A journalist whose work your appreciative Peasant
has long enjoyed, even though he was a liberal,
Jack Germond, passed away in August after a long
spell of poor health at the age of 85.
Germond was a reporter, columnist, and commentator
in print and on television, plying his trade for nearly
50 years, nearly half of those years with the Baltimore
Sun. He worked in the Sun's Washington bureau,
covering the White House and Congress.
"Jack was a truly dedicated reporter and had an old-
fashioned relationship with politicians. He liked them,
but that did not prevent him from being critical when
they did bad things and behaved badly. That was a
trademark of Jack's," said Jules Witcover, his writing
partner of many years.
Germond was the only child born to his engineer father
and homemaker mother in Boston, Massachusetts.
After a brief stint in the Army, he attended the Univer-
sity of Missouri where he earned degrees in journalism
and history, soon afterward becoming the sports editor
of the Jefferson City Post-Tribune. His next position was
as a columnist for the Monroe (MI) Evening Times.
Germond held these positions in the early 1950s.
From 1953 until 1973 Germond was a reporter for the
Rochester Times-Union, then became the Washington
Bureau Chief for Gannet Co. Newspapers, which owned
the Times-Union back then, holding this position from
1969 until 1973. He then joined the Washington Star
and was with that paper until it ceased operations in 1981.
Germond was political editor and later assistant managing
editor for the Star, where he met and started collaborating
with Jules Witcover.
When the Star ceased to shine, Germond and Witcover
were hired by the Baltimore Evening Sun. They co-wrote
a column for that paper until it too ceased operations and
the pair went over to its sister publication, the Sun, where
they continued their column. They came to specialize in
covering presidential campaigns, and became trusted and
admired for the thoroughness of their work, which entailed
giving much more print to their coverage than many of
their rivals at other papers around the country. The portly
Germond came to be affectionately referred to as the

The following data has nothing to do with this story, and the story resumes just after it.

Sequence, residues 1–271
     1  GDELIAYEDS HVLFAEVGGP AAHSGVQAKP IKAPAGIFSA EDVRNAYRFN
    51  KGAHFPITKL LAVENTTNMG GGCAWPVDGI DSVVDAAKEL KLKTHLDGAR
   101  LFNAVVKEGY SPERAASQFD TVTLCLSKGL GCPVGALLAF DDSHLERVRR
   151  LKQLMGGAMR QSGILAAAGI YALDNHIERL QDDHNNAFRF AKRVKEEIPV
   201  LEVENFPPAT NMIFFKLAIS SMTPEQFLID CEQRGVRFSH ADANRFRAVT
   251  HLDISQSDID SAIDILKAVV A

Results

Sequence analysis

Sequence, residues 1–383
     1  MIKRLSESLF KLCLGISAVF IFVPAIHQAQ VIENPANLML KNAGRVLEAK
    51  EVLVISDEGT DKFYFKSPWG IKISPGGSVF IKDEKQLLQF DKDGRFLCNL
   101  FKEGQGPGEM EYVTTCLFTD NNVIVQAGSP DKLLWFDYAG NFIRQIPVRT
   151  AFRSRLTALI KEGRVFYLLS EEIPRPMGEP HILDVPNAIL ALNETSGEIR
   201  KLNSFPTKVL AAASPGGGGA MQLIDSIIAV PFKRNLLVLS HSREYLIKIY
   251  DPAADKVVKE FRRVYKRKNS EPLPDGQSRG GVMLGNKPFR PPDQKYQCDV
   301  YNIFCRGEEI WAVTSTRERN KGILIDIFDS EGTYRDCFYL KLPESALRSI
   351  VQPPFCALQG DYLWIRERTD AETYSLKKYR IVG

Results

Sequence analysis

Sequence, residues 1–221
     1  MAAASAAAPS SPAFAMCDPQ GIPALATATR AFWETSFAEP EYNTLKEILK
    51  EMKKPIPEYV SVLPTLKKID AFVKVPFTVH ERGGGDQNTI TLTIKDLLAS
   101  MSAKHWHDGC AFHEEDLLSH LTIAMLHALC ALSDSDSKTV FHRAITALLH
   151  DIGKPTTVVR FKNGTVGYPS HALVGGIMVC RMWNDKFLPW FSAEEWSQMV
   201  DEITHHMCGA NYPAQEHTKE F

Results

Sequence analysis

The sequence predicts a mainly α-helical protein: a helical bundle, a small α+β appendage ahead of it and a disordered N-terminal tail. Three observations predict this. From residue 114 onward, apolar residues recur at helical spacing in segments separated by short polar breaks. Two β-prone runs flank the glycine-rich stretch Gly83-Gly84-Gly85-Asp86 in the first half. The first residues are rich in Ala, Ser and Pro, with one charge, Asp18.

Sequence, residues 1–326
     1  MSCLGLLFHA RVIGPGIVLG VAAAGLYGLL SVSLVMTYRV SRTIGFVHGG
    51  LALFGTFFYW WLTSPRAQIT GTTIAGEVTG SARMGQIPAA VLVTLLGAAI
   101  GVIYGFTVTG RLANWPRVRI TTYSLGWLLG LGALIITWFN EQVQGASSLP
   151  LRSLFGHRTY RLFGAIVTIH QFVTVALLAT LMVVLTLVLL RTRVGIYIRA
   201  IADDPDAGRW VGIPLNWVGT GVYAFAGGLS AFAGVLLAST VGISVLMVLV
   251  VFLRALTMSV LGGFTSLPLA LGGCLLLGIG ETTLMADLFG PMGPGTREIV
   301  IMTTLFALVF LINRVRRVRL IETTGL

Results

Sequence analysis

Germond was a regular member of the often rambunctious
gathering of journalists on the political talk show The
McLaughlin Group, hosted by former Nixon speechwriter
and former catholic priest John McLaughlin. The quirky,
unnerving McLaughlin and Germond were at odds both
in front of and behind the cameras, and Germond eventually
left the show. While there, however, Germond met and struck
up a friendship with the very conservative late pundit
Robert Novak; Germond proved that he could indeed get on
well with people from across the political divide, McLaughlin
aside. Your bemused Peasant has to say that, as a frequent
viewer of this TV show, the host certainly did come off as
a "mad hatter" with his antics, which included childish-
sounding play with panelist's names. McLaughlin called
The New Republic's Fred Barnes "Fred The Beetle Barnes"
many a time on the air! I would remark to myself "Is that
necessary?" in dumbfounded amazement.
Retiring in 2000, Germond had concluded a career that listed
among many accomplishments six books about politics and
covering politicians, successful solo and collaborative columns,
many political stories broken (that is, brought to the public's
attention ahead of rival reporters), countless TV appearances,
and widespread renown. What your admiring Peasant liked best
about jack Germond was the fact that he never let his politics
get in the way of reporting the truth about people or events; if
someone was a good actor Germond said so. If one was out
for himself at the expense of others Germond made that known.
The politicos that Germond was friendly with knew this about
him and rarely tested the Fat Man, for they knew that he was
a man of unshakable ethics and integrity. This is, sadly, a trait
that has become an increasingly rare commodity among today's
journalists, regardless of political tastes.
Jack Germond has left us. May it be that conscientious journalism
has not left us as well. Rest in peace, Mr. Germond. A job well